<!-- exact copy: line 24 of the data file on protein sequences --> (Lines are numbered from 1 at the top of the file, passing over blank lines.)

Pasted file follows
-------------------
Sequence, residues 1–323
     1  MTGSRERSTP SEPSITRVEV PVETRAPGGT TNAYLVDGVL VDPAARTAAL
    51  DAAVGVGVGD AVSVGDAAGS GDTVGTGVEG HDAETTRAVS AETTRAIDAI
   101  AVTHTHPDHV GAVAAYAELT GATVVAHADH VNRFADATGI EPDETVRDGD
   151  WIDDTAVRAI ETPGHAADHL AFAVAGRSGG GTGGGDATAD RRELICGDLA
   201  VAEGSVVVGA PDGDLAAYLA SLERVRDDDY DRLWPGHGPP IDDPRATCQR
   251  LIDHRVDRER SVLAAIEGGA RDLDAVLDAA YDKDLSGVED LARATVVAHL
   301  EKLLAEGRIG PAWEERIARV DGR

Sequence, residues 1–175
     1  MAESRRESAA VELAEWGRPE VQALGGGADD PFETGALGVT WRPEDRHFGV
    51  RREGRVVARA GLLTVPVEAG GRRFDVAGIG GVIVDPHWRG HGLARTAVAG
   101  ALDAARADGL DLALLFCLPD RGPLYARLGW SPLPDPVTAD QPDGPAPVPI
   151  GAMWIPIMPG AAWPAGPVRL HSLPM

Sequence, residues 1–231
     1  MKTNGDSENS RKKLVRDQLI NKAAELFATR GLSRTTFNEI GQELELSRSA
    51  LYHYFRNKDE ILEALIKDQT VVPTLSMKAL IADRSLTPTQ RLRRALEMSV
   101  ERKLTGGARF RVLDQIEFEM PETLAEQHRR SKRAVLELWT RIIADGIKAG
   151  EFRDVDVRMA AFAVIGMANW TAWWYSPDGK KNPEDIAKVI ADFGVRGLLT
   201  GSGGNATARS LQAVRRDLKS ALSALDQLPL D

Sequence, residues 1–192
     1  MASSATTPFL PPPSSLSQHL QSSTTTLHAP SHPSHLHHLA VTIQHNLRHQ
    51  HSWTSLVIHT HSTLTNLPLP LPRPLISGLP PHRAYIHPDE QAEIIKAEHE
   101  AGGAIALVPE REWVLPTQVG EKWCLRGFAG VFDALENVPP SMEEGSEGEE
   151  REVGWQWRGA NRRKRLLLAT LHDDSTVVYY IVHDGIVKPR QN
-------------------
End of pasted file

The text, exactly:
   151  REVGWQWRGA NRRKRLLLAT LHDDSTVVYY IVHDGIVKPR QN